What is it about?

This article examines the biographical data for 25 Australian-born women who attended Girton and Newnham Colleges in the period from 1870 to 1940 and who, except for one, had entries in the Girton Register and the Newnham Roll. It uses mainly quantitative methods to compare their years and place of birth, their family background, educational and occupational paths and whether they married.

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Why is it important?

This important group of pioneer women in high education have not been discussed in this way before. Although they were all born in Australia, their lives did not neatly fit into nationalist discourses, hence the title 'Empire's Daughters'. While a few have entries in national dictionaries of biography for Australia and the UK, many are unknown or relatively so despite substantial public contributions within the British Empire. For example, Florence Melian Stawell (1869-1936) was an outstanding classical scholar who attended Newnham College from 1889 to 1892. She was widely published and wrote an important early study of international thought.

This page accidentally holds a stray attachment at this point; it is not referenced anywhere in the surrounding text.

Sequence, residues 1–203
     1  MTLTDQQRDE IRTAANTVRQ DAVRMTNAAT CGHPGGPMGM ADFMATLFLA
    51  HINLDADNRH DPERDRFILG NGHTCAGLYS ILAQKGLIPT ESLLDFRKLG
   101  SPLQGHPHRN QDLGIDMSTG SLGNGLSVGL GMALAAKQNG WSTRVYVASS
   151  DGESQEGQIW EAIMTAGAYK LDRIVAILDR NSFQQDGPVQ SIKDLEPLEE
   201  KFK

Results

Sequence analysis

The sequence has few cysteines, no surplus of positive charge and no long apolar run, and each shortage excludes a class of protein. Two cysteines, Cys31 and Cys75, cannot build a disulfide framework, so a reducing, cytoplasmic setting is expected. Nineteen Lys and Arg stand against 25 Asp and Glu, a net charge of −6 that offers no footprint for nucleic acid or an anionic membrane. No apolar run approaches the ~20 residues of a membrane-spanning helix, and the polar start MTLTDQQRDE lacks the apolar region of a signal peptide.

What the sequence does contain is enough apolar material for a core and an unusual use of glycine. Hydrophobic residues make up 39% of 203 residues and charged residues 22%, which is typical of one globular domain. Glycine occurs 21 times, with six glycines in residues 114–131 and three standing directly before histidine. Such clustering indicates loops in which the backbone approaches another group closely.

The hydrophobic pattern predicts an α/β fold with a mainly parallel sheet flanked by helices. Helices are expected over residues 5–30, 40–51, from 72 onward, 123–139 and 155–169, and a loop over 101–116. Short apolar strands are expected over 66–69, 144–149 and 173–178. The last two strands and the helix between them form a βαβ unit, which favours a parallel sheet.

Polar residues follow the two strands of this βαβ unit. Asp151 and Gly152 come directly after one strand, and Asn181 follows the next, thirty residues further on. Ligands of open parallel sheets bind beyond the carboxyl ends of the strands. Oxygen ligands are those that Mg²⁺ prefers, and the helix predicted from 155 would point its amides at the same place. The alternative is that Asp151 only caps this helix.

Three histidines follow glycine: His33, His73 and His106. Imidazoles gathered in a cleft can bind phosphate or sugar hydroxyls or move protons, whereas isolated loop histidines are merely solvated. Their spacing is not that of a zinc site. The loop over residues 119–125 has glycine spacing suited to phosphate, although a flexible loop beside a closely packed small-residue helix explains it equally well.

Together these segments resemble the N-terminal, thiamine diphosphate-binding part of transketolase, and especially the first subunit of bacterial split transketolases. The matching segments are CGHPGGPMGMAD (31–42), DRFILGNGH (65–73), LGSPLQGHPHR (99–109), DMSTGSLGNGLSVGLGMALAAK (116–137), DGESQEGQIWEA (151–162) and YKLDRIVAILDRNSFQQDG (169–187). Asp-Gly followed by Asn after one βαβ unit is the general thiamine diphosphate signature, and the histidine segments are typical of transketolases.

I was intrigued with these women from the start. As members of the middle classes, they benefited from what I have called the 'colonial educational dividend' in that their wealth and status as 'Australian Britons' enabled them to travel to England to study just as women's higher education was gaining a foothold in the ancient men's universities. Very few married and they embraced their opportunities to explore professional lives mainly in the field of education.

Dr Josephine May
University of Newcastle

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This page is a summary of: Empire’s Daughters: the first 25 Australian-born women at Girton and Newnham Colleges Cambridge, 1870–1940, as insiders and outsiders, History of Education, June 2020, Taylor & Francis, DOI: 10.1080/0046760x.2020.1752822.
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